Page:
A delegation from Malawi’s agency mandated to finance higher education toured Kenya for a bench marking mission on the back of a new funding model for universities and TVETs.
The Universities Fund (UF) in partnership with the Higher Education Loans Board (HELB) hosted Higher Education Students & Loans and Grants Board (HESLGB) team on August 24, 2023.
Discussions during the interactive session were centered on best practices in the continent for innovative and sustainable ways of financing public universities.
UF Assistant Director for Grants Sillas Owiti elaborated on the newly unveiled funding framework for tertiary education in Kenya while comparing it with the previous model.
Under the new model which is applicable to the current cohort of students joining universities and TVETs, institutions of higher learning are no longer receiving block funding as was the case in the grants based on differentiated unit cost (DUC).
The government switched to the funding regime in efforts to address inequitable capitation witnessed under the DUC model that had plugged universities into financial distress owing to ballooning pending bills.
State funding for students under the new funding model is choice of the programme, household income band, affirmative performance and government priority areas.
The delegation from Malawi was also taken through challenges emerging from implementation of the two funding models, the solutions offered by the new funding model, and alternative sources of funding for universities in Kenya.
The Parliament of Malawi put in place HESLGB in 2015 to finance access to higher education of needy and deserving students in the country.
Just like its Kenyan counterparts, the HESLGB is mandated to disburse loans yearly to needy and deserving students pursuing higher education in government registered higher learning institutions both public and private and are pursuing accredited programs and courses.
The Board is also mandated to recover the loans from former beneficiaries of the higher education loans scheme dating way back from 1985/86 The New Higher Education Funding Model was unveiled by President Willam Ruto on May 3, 2023 to address challenges faced by public universities and Technical and Vocational Education (TVET) institutions as a result of massive enrolment and inadequate funding.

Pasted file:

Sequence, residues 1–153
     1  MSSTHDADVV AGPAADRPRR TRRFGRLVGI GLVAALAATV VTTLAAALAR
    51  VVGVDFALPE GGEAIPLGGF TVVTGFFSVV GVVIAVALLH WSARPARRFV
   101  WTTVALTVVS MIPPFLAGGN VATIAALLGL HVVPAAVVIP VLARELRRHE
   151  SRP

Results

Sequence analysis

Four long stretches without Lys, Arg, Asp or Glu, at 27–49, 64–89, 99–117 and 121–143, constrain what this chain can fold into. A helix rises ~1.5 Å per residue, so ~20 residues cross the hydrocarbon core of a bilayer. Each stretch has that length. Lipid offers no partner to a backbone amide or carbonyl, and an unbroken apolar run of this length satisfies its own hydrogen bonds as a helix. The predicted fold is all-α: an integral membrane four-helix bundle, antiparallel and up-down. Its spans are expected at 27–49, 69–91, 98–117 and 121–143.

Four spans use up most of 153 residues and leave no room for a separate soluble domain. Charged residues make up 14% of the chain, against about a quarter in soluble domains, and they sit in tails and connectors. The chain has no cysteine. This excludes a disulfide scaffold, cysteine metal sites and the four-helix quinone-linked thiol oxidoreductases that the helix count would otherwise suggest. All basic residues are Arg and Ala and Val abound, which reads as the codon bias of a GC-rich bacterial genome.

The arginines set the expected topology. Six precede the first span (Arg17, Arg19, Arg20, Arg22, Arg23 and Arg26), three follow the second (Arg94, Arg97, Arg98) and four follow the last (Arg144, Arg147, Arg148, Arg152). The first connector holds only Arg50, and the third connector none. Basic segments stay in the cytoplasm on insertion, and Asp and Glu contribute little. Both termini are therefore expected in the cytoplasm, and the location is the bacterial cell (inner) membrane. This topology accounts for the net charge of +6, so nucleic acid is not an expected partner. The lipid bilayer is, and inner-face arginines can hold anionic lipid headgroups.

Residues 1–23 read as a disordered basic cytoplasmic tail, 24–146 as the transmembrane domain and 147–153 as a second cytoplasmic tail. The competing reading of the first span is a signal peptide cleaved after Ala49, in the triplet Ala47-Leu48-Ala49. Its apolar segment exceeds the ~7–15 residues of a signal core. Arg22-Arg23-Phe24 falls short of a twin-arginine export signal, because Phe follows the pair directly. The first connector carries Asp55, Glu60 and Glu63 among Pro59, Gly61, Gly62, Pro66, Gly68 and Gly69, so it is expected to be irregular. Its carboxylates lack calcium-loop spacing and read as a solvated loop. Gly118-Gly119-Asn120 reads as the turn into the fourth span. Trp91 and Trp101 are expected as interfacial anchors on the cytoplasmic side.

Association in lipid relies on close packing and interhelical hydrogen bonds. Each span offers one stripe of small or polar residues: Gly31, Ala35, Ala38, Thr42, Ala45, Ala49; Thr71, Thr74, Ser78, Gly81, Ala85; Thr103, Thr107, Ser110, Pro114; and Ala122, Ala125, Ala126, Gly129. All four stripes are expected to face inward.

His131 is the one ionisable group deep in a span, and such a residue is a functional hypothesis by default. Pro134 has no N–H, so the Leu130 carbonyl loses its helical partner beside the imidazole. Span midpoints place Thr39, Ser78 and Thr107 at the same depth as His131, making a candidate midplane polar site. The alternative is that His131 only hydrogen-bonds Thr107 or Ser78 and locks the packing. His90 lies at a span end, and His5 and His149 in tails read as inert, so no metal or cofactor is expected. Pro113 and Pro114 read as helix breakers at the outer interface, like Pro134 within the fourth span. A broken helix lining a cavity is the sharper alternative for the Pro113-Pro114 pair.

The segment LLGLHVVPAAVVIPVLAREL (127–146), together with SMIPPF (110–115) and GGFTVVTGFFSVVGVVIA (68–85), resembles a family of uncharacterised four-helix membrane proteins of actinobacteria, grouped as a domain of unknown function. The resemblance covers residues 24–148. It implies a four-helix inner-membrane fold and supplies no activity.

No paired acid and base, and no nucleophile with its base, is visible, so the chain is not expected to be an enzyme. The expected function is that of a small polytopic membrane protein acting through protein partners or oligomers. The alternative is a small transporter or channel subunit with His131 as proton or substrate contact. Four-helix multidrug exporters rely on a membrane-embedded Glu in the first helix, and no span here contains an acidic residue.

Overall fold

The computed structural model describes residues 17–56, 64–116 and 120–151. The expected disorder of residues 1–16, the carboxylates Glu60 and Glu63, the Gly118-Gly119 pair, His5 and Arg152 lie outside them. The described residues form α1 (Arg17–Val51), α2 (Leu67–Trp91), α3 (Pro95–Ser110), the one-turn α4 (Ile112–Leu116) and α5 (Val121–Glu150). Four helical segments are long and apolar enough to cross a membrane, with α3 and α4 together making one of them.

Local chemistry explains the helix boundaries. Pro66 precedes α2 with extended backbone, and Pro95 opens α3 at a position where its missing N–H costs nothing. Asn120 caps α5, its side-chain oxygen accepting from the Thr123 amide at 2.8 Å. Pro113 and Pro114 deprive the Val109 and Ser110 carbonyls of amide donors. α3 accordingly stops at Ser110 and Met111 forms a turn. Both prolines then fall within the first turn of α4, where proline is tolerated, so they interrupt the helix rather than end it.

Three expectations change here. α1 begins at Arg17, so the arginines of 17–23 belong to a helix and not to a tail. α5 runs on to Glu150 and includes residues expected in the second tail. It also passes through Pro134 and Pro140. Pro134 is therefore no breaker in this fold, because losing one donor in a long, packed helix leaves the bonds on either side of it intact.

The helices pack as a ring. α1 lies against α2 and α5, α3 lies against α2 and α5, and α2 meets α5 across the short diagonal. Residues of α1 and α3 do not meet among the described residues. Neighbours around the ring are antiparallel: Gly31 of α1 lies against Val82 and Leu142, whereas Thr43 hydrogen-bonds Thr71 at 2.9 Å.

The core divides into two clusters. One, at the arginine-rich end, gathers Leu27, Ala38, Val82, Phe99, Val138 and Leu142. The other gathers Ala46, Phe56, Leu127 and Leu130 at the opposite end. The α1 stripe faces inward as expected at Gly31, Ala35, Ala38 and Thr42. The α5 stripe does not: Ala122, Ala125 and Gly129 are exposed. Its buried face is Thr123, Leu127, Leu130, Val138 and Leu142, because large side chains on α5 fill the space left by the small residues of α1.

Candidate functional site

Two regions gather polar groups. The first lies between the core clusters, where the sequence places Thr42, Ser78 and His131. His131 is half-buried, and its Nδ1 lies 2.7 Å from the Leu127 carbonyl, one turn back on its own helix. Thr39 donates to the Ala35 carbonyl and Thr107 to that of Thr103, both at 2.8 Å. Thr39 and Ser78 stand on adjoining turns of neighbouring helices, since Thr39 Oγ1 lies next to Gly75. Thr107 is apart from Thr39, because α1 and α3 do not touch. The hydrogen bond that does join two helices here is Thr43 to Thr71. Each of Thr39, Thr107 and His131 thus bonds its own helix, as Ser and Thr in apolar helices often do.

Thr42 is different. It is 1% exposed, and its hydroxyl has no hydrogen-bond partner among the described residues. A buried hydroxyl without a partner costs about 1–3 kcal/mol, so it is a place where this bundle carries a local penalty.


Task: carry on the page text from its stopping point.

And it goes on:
The new funding framework replaced the Differentiated Unit Cost (DUC) that was used to finance universities. The model has delinked placement from funding and puts emphasis on a student’s financial need.
With the new funding model, universities and TVET institutions will no longer receive block funding in the form of capitation. Loan allocation will be student-centred and will be apportioned based on assessed level of need as determined by the Means Testing Instrument (MTI). Funding to students will be through scholarships, loans and household contributions.
To receive funding, students will be required to formally apply for loans and scholarships online. Students from vulnerable and extremely needy backgrounds will fully sponsored to colleges and universities.
The New Higher Education Funding Model is being implemented jointly by Universities Fund (UF), Higher Education Loans Board (HELB), Kenya Universities, Colleges Central Placement Service (KUCCPS) and State Department for Technical and Vocational Education and Training. On its part, UF will award scholarships to students, HELB will provide loans to students while KUCCPS will be in charge of placing KCSE graduates to higher learning institutions. Other players are higher learning institutions, the recipients of loans and scholarships awarded to students inform of fees, while parents will provide household contributions towards educating their children.